I had felt something coming on for several days prior, one of my least favourite chronic symptoms rachetting up: a sensation of pressure in my head, combined with intense bi-lateral tinnitus increasing in volume from the time I wake in the morning until I go to bed, at which point it is almost unbearable. I can do nothing but listen to the clanging, a tone of a school alarm alerting you to a change of class, or the sound of a fire alarm in a public building. It is this particular tone. I’d have a digit removed if it meant this symptom could magically disappear. It started about 3 years ago, and occurs every single day. It’s worse when I’m tired or ill, but it’s always there. An alarm going off inside my skull.

What I haven’t written about my health situation is my anger. My profound despair. My hopelessness. My depression. Much of the time I ‘manage’. I’m good at managing. If my symptoms are fairly consistent and not entirely debilitating, and if I can apply some kind of routine to my day, and if, every so often I am well enough to get out to meet with a friend, I am not angry. I am not despairing. I am managing. Those emotions sit there quietly in the back waiting until I am once again thrown into incapacitation as I was last week. Then I think to myself, “I cannot carry on like this, I just cannot.” When I am so debilitated I can’t write, I cannot see friends, I can barely even read. Life doesn’t feel as if it is worth living. These are hard times.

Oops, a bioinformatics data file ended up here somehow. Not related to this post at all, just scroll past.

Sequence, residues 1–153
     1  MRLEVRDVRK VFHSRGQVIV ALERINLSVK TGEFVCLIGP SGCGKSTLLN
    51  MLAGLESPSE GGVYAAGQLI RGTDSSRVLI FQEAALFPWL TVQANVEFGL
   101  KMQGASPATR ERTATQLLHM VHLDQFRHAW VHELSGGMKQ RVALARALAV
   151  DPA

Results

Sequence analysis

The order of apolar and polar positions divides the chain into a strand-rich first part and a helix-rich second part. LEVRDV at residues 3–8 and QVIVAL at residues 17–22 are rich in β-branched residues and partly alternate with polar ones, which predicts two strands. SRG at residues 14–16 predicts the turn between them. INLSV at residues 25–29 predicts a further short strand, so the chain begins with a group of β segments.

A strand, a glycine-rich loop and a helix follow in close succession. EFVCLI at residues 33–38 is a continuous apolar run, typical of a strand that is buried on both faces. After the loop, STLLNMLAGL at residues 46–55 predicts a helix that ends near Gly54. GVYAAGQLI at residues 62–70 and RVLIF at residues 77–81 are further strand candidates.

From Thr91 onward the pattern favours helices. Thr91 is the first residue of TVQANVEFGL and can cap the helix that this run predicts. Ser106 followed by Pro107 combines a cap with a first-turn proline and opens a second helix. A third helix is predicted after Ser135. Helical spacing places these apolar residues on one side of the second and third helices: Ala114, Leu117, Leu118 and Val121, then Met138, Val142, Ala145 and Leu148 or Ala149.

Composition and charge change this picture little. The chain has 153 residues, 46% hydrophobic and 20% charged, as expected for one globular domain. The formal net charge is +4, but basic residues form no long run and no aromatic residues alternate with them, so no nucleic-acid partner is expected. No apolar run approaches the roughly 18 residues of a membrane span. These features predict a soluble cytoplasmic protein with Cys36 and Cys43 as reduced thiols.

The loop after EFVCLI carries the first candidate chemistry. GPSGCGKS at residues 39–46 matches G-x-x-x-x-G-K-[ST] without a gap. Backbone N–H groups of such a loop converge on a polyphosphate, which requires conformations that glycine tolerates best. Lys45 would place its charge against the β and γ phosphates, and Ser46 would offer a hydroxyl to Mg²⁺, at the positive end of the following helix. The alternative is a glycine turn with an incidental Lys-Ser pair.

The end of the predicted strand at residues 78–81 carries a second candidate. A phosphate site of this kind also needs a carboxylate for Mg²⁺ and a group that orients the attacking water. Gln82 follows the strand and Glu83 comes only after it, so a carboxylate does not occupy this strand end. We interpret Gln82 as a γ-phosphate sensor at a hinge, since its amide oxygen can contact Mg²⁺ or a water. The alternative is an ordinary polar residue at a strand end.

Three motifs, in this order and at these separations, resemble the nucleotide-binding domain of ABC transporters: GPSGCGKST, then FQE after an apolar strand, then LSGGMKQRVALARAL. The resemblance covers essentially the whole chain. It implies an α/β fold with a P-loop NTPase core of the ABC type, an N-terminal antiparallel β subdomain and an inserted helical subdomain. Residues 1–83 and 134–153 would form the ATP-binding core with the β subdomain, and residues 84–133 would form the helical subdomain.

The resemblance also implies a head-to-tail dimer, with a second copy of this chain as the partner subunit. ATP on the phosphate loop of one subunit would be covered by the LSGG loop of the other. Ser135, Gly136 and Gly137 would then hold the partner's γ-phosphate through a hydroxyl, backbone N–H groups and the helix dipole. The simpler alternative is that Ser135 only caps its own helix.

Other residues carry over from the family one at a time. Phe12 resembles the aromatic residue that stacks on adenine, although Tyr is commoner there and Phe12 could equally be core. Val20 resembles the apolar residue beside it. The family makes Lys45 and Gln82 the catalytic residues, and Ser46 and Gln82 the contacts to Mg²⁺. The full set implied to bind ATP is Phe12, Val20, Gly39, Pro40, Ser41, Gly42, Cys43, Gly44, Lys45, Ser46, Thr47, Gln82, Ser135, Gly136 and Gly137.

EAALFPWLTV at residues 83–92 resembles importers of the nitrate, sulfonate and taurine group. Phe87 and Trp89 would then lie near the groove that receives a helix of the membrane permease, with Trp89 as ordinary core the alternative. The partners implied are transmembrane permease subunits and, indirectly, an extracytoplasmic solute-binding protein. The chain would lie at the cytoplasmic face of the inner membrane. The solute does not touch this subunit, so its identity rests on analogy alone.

I went through a protracted period of incapacitation about a year ago, and I realised I had to take stock. If my life was to continue like this, then what? I was at the end of my tether. I have been suicidal in my life, I have had several breakdowns, but this was not that. This was taking a good hard look at my situation. The facts. I knew I needed two things: nature, and a community. I needed to be in a place where close friends would be willing to come to me, to sit quietly perhaps, to make me a cup of tea. Or not, just to be in the house, so I can hear them chat away to themselves. The clink of cups. A kettle boiling. When I am ill it is often better for me to be alone, but I like to know there are people nearby.

Until that point I was very isolated. I had no friends in this city I’d been living in for five years (word of advice: if you have a chronic illness, are a writer, do not have a ‘job’, have no children, do not go to church, and your partner’s work takes them away for nearly six months of the year, do not move to a city where you don’t  really know anyone). It’s not that I don’t have friends, I do, several wonderful friends, but most of them do not live in the country I live in. Isolation is well documented to adversely affect health.